The Role of Satire in George Orwell’s Animal Farm
George Orwell’s 1945 novella Animal Farm is widely considered as a straightforward satirical commentary or a critique of a socialist idea of revolution. While this is true, and backed up by the author’s clear political and ideological views as described in Bernard Crick’s introduction to Orwell’s political polemic The Lion and the Unicorn, we can argue that the satire expands to all forms of totalitarian systems, as well as to the problems of the very nature of human beings.
The novella reads as a three-part process of revolution in a society desperate for change. Set on a farm, with animals allegorically representing English working class with means but no brains for a change, it follows the rise and fall of a Utopian self-governed society as it makes a full circle back to the beginning.
As Crick puts it, it’s not about the impossibility of the revolution, it’s about its betrayal (1982, p. 8). Although clearly mocking the early years and disappointments in Soviet Russia, today it stands as a simple but insightful chronicle of every totalitarian regime in history.
Totalitarian regimes aside, the satire lands on an even more fertile ground when it’s aimed at the People, a disjoined mass of will and ideas with no belief in their governmental abilities, who give up their newly acquired power in the hands of a few. “Wherever I found life, there found I Will to Power; and even in the will of the servant found I the will to be master (p. 87)”; a quote from Nietzsche’s (2003) Thus Spake Zarathustra, which perfectly illustrates one part of the demise of animal utopia. Pigs, capable and recognized as the smartest animals on a farm, take advantage and destroy the dream of an Animal Farm of plenty.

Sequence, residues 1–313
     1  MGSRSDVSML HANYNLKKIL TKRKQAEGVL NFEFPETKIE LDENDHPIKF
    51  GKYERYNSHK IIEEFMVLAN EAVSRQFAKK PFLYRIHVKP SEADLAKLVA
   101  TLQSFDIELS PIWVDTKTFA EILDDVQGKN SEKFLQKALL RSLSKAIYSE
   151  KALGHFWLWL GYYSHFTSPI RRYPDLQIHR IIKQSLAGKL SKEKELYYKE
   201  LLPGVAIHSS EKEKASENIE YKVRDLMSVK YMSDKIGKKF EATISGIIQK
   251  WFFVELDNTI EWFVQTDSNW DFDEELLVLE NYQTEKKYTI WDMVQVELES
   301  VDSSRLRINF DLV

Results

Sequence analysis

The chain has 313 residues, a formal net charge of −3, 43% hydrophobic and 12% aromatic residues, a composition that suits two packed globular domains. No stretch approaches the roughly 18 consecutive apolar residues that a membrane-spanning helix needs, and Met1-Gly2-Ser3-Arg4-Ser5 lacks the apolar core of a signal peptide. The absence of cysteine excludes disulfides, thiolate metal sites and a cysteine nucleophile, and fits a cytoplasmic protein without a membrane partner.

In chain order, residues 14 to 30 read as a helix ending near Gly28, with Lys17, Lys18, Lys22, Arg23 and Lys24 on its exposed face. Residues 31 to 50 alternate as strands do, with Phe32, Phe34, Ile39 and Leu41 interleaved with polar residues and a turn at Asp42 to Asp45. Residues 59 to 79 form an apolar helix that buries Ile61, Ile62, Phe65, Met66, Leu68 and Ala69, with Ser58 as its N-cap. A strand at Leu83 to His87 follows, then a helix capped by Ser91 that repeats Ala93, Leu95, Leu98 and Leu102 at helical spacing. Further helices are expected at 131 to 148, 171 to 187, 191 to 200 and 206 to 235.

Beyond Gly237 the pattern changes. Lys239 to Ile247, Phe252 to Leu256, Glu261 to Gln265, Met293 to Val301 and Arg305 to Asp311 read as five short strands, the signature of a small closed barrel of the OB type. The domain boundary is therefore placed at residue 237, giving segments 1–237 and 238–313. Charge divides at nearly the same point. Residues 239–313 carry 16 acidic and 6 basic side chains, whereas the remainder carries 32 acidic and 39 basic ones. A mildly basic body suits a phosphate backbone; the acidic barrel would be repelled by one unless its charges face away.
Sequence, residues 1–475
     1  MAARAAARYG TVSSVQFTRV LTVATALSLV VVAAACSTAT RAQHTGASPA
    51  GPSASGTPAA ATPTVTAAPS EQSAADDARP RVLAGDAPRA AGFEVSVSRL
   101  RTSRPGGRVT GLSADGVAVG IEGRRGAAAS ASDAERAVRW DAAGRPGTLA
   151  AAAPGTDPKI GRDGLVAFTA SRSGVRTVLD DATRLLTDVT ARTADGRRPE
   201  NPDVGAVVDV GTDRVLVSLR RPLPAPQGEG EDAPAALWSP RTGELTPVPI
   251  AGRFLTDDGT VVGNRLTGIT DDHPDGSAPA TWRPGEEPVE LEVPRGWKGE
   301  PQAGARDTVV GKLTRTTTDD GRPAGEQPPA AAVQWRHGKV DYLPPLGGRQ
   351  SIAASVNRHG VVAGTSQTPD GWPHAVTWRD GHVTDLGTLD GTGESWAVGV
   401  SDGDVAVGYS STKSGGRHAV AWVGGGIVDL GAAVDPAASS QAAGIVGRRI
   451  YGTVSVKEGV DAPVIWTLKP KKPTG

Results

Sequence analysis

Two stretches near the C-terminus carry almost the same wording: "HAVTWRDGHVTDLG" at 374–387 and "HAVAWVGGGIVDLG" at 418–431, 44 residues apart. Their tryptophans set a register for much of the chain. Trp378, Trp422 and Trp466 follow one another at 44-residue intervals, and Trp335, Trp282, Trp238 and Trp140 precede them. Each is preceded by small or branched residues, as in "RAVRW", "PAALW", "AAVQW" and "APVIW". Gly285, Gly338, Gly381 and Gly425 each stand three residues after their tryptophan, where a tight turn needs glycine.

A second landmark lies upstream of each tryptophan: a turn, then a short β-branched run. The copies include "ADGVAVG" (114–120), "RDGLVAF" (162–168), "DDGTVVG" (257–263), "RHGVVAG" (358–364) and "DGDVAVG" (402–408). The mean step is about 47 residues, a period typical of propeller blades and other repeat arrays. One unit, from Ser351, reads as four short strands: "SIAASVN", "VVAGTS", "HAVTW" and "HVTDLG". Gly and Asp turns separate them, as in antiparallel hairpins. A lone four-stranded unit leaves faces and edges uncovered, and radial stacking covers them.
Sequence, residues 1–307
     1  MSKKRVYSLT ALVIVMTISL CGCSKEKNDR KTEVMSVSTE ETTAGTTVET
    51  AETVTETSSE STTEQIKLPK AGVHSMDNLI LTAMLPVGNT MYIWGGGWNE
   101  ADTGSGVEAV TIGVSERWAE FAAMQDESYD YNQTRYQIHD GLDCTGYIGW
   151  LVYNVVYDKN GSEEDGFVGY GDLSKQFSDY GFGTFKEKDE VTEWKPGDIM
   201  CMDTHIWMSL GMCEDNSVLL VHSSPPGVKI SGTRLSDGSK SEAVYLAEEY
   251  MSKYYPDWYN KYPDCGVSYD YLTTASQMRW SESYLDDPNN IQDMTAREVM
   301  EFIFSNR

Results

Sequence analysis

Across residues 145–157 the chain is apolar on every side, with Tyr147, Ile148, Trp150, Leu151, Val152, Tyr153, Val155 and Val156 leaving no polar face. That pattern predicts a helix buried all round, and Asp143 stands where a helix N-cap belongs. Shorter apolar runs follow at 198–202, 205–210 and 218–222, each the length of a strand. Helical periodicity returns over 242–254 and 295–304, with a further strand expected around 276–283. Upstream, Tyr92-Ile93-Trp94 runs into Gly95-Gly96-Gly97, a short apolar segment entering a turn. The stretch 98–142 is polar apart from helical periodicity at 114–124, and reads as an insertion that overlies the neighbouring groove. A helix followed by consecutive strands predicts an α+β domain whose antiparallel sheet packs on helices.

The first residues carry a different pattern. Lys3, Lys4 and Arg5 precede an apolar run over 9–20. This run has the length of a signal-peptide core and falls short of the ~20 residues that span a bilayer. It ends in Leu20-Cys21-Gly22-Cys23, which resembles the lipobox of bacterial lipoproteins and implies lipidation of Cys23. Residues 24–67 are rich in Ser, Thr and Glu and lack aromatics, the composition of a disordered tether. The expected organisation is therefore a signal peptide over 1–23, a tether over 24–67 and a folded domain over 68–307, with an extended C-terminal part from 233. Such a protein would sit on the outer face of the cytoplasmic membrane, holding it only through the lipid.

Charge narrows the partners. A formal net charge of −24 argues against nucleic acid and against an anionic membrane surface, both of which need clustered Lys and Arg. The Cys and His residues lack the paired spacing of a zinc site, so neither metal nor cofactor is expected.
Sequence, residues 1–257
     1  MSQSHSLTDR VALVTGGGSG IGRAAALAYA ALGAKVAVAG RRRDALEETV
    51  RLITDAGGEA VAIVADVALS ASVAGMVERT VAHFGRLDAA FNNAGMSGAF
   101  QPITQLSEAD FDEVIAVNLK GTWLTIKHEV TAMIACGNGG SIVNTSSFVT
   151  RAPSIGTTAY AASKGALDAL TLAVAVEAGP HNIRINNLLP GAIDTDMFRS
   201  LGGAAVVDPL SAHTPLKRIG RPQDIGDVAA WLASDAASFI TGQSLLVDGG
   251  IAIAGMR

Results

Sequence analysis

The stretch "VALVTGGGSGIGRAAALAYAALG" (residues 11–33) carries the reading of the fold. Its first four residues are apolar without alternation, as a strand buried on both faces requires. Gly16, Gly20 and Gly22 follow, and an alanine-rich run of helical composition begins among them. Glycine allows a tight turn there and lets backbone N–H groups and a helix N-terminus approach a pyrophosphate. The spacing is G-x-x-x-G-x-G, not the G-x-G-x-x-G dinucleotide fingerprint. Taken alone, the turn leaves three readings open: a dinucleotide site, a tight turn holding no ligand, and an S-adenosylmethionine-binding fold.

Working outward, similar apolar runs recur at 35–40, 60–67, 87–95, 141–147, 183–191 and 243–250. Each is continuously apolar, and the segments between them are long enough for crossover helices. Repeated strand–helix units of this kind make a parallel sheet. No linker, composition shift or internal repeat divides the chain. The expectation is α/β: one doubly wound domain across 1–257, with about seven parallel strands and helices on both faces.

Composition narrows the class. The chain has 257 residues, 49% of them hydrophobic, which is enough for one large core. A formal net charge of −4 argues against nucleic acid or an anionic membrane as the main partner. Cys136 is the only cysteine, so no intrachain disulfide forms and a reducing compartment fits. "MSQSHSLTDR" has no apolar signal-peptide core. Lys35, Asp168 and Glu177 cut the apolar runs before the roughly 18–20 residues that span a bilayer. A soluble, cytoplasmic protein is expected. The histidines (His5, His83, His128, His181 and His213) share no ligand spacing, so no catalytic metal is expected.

But the portrayal of other inhabitants of the farm, illiterate, inert and obedient working and providing animals is the highlight of satirical allegory and it functions as a great unveiling mirror of, not only the English working class of the 1940’s, but the majority of world population struggling under the pressure and rules of the few.
And as a true fable, its true moral lays hidden under the satire and allegory, and reveals itself only to those who are willing to identify with, and become, the animals on a farm.
Cork, B. (1982). Introduction. In G. Orwell, The Lion and the Unicorn: Socialism and the English Genius (pp. 7-31). Middlesex: Penguin Books.
Nietzsche, F. (2003). Thus Spake Zarathustra: A Book for All and None. New York, NY: Algora Publishing.
Orwell, G. (2009). Animal Farm: A Fairy Story. Orlando, FL: Houghton Mifflin Harcourt.
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